First Amendment casualties on the home front

A Capital Gazette newspaper rack displays the day's front page, Friday, June 29, 2018, in Annapolis, Md. A man armed with smoke grenades and a shotgun attacked journalists in the newspaper's building Thursday, killing several people before police quickly stormed the building and arrested him, police and witnesses said. (Patrick Semansky/AP Photo)

A Capital Gazette newspaper rack displays the day's front page, Friday, June 29, 2018, in Annapolis, Md. A man armed with smoke grenades and a shotgun attacked journalists in the newspaper's building Thursday, killing several people before police quickly stormed the building and arrested him, police and witnesses said. (Patrick Semansky/AP Photo)

With five people dead at an American newspaper, from an attack that would seem more shocking if it didn’t feel so inevitable, I can’t help but remember an innocent bygone era.

I began my journalism career — this Monday marks my 45th anniversary — fresh from college at a small Connecticut paper roughly the size of the Capital Gazette. There was no security. It never occurred to us that we would need security. Anyone who wanted to visit the newsroom could simply walk past the classified ad desk, take the tiny elevator to the third floor, and when the door slid open, there we were, frantically typewriting the local news with the help of scissors and glue.

Anyone and everyone exited that elevator — the Chamber president, the city manager, the certifiable nuts. As the new kid, I was sometimes tasked with talking to the nuts. They typically had grievances about stories that had appeared in the paper; sometimes they were furious about stories that never appeared at all. I’d humor them, take a few notes, and they’d wander out the way they wandered in.

One of my colleagues did investigate some very dicey characters, one of whom threatened her, and for a brief time she’d start her day by checking beneath her car for bombs, but we thought she was paranoid and it turned out she was. None of us feared a gunman. None of us feared that a significant segment of the citizenry was hostile to our basic mission. President Nixon was talking trash about the press, Vice President Agnew had called us “nattering nabobs of negativism,” but there was a baseline of decency beyond their shrinking base, and we all took that for granted.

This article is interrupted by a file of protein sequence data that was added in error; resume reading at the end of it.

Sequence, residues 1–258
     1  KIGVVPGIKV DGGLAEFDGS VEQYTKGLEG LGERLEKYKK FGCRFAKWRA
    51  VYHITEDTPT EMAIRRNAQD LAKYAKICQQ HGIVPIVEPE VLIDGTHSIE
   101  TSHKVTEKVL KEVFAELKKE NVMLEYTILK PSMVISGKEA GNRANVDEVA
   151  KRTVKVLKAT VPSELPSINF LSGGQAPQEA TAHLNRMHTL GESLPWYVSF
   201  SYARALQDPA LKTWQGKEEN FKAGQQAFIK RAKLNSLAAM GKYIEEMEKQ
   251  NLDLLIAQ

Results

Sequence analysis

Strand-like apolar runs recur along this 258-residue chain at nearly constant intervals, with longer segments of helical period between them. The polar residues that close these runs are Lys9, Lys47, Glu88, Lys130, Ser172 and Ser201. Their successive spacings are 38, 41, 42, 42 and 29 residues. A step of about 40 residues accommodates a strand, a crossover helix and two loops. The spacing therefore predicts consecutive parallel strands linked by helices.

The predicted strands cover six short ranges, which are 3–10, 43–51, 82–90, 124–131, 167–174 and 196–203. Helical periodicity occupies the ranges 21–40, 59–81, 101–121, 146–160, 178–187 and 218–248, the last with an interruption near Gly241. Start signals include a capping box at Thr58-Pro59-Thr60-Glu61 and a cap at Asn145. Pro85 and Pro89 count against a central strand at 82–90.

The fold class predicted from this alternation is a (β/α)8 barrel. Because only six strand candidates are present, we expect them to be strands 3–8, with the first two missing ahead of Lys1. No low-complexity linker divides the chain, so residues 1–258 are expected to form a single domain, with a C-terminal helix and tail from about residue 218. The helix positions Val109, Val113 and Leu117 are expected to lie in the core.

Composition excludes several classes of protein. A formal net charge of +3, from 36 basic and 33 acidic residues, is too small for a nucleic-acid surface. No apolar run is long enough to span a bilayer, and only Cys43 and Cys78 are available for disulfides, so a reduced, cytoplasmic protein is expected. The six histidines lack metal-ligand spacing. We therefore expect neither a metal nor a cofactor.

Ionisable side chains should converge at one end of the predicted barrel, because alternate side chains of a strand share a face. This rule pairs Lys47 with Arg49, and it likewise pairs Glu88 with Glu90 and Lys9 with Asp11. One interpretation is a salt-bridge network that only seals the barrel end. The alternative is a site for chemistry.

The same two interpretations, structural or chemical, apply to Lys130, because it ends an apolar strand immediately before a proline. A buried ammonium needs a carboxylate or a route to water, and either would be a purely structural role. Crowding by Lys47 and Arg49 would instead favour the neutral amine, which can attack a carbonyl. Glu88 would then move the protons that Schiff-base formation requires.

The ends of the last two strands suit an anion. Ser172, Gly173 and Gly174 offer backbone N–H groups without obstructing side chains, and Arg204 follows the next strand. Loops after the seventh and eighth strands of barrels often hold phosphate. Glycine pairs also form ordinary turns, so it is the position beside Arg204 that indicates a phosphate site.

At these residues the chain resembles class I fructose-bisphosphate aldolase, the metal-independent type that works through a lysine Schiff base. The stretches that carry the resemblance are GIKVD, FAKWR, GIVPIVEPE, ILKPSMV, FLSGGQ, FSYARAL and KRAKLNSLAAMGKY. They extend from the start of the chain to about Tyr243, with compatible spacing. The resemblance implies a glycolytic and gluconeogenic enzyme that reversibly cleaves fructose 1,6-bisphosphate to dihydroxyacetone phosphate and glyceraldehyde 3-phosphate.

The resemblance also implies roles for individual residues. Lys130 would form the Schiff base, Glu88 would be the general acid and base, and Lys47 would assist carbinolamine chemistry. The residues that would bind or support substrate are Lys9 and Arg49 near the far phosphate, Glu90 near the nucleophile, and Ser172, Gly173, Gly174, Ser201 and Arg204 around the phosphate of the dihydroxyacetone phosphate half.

Nixon hated the networks and big eastern papers, but he never smeared all journalists as “enemies of the people” (as a student of history, he would’ve known that “enemies of the people” was a Leninist phrase), and he never incited his crowds to heap hate on the attendant press corps. Perhaps I’m giving him too much retrospective credit, but I believe that if a mass shooter had ever targeted a newsroom in 1973, he would’ve responded by reminding all Americans of the vital constitutional role that the press plays in a democracy. He would’ve said (in roughly these words) that despite his own grievances, “journalists tell the stories of our communities, protect democracy, and often put their lives on the line just to do their jobs.”

That quote, reacting to the newsroom deaths in Annapolis, comes from Canadian prime minister Justin Trudeau.

That was the classy response. The classless response, yesterday on the White House lawn, went like this:

“Can you please talk to us about the dead reporters in Annapolis?”

Trump keeps walking.

“Do you have any words of condolence for the families, Mr. President?”

Trump keeps walking.

“Why are you walking away?”

Trump keeps walking.

Nobody is suggesting that the Annapolis shooter was specifically inspired by Trump’s relentless invective (he had a vendetta about a 2011 story that mentioned his guilty plea in a criminal harassment case), but you need only spend five minutes on social media to find comments from Trump supporters who say that newsroom shootings wouldn’t happen if the press wasn’t writing “fake news.” Most importantly, Trump himself is ill positioned to educate his fans about the press’ vital role in a democracy, because it was just four days ago when he railed at a rally about “enemies of the people” and “fake newsers.”

So my nostalgia for my vanished era is trumped by the reality that everyone in journalism today, typically working long hours covering their communities for modest pay, is on the front line. Take a moment to read some of the stories that yesterday’s First Amendment casualties have left behind, and ask yourself if this is the America you want.

I vote no.

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